The legacy of Boris Johnson will not be found in the getting done of Brexit (for such a thing is impossible), nor will it ultimately be in the ‘world-beating’ track and trace system and VIP contract lane. It will not even be in the litany of crude insults, inadequacies and irregularities that have become the calling card of his political career. Instead, Johnsonian politics will be characterised by one thing: an utter refusal to engage with the truth on its own terms rather than as an irrelevance to be shaped and moulded according to one’s own desires. This got the country Brexit; it got him the keys to Downing Street. But such is the speed and ease with which the truth has become devalued by the very highest politicians, and the rising equivalence of objective facts with subjective opinion, that multiple areas of life – from political and corporate affairs, right down to the fabric of social life – are now locked in a permanent battle. Not only to pursue the truth, but also to admit that it exists in the first place.
Johnson’s relationship with truth has been strained for decades. Thirty years ago, as the Telegraph’s Brussels correspondent, he regularly sent back dispatches containing utter fabrications about supposed EU laws (the infamous ‘bendy bananas’ and the like) that were apparently destroying British sovereignty, which his masters knew to be false but which served as good front pages. In this we see not only the roots of Brexit, but tacit acceptance by the media that lies did not always have to be called out, so long as they gave good copy or were in line with the prevailing views of the editors/owners. At best, such efforts could be described as misleading, at worst, actively contributing to the spread of misinformation that is now so rife. Not only does this give rise to hugely meaningful political campaigns being built, and won, on lies (£350m a week for the NHS?) but also the Trump doctrine of ‘alternative facts’: it doesn’t matter what you say (and how much the facts back you up), I have my own ‘facts’ which are just as valid.
For organisations attempting to find and report in a balanced manner, this has led to the ludicrous spectacle of highly respected scientists with the weight of years of evidence and research, being forced to debate with sceptics who read something on Facebook and think this gives their opinion an equal validity. To the idea that creationism should be taught – be taught! – in schools alongside evolution. Even to the discovery that the BBC’s latest editorial policy would, if it was deemed necessary, give equal weight to a ‘Flat Earther’ as a sphericist.
Media organisations either desperately try to find ‘balance’ where none is deserved or trumpet themselves as reflecting a wide range of views when this is precisely the problem: the views of those that have abandoned truth are not worth considering in the first place; and offering airtime (and implicit legitimacy) to such groups sets a worrying precedent. If you are engaged in a fact-finding exercise, you do not get to rebury the facts that you do not like or attempt to grow your own. But if this is the example set by the politicians, followed by the media, and embraced by the people, what does it matter if corporate reports are quashed, and CEO opinions equated to evidence? If lying can get you the highest job in the country, it can certainly help win a few contracts or partnerships here and there.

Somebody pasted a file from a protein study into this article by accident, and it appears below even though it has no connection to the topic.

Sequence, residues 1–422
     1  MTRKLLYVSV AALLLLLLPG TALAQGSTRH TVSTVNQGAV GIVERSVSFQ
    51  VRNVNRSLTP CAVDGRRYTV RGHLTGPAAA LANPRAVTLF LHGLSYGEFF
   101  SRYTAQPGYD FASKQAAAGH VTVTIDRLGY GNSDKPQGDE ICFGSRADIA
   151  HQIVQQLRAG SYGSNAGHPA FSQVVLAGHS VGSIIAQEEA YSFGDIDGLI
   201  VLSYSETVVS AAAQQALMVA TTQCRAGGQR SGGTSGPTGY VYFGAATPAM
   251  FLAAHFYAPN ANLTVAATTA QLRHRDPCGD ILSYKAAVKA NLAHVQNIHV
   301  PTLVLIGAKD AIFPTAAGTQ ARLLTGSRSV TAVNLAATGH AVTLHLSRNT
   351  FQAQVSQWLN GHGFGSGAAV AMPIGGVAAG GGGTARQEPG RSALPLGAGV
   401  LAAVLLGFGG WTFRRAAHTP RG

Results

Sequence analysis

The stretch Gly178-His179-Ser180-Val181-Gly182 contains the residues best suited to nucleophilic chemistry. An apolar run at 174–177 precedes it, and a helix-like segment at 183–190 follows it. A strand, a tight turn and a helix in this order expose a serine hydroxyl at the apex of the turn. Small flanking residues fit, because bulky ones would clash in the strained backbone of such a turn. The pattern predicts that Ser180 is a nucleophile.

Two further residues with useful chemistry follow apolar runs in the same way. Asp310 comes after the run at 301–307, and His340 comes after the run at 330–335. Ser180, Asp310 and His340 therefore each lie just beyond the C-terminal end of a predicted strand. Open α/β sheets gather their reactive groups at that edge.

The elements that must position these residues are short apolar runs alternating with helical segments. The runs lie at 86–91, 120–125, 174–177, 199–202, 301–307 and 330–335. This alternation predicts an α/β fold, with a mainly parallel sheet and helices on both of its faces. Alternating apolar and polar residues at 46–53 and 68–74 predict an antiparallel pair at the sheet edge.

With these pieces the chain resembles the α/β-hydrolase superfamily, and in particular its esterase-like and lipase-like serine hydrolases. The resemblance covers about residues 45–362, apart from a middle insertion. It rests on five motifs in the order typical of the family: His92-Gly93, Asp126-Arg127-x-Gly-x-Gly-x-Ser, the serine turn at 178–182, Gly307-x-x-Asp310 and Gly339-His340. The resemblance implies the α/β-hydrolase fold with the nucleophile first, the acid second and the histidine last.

Meanwhile, social media both drives the misinformation program, and is affected by it. Not only does it offer the opportunity for any ill-informed or deliberately misleading screed to be disseminated, it also forms the core (and for some, only) source of information – tremendously damaging given the known degree to which Chinese and Russian governments, for instance, play with the limits of the possible and manipulate the readers. We have social media to thank for the preponderance of opinion that 5G causes Covid, or that Bill Gates is microchipping the population through vaccination. This is not so much denying the truth as refusing to believe that it ever existed in the first place, in the same way that Oceania had always been at war with Eastasia.
Clearly, not everything can be blamed on Johnson, but he, more than any other public figure, has been directly responsible for creating a culture whereby fabrications are encouraged, the truth dismissed, and knowing immorality rewarded. This is not sustainable in itself – castles built on sand always collapse, and no number of £850-a-roll designs can wallpaper over the cracks of a hollow façade – but the Johnsonian method is simply to ignore this and press on regardless. This devalues the very nature of truth and sets the very dangerous precedent that knowledge does not even matter, much less integrity. To compound this, cheerleaders for post-truthism are everywhere: from the misled who swallow whatever appears in their social media feed, to politicians who will say anything to win or retain power, to the media organisations that push their agendas; all regardless of what the facts might actually be. Never has the phrase ‘this is my truth’ been so egregious.
Until the world can reset its axis and collectively reassert that, actually, facts do matter, the consequences for us all in social, economic and political life will be severe. And the legacy of Johnson will be writ large not only in the gulf between thinking something to be true and knowing that it is, but in the conception that this is not in any way problematic. If you would seek his monument, reader, look around.
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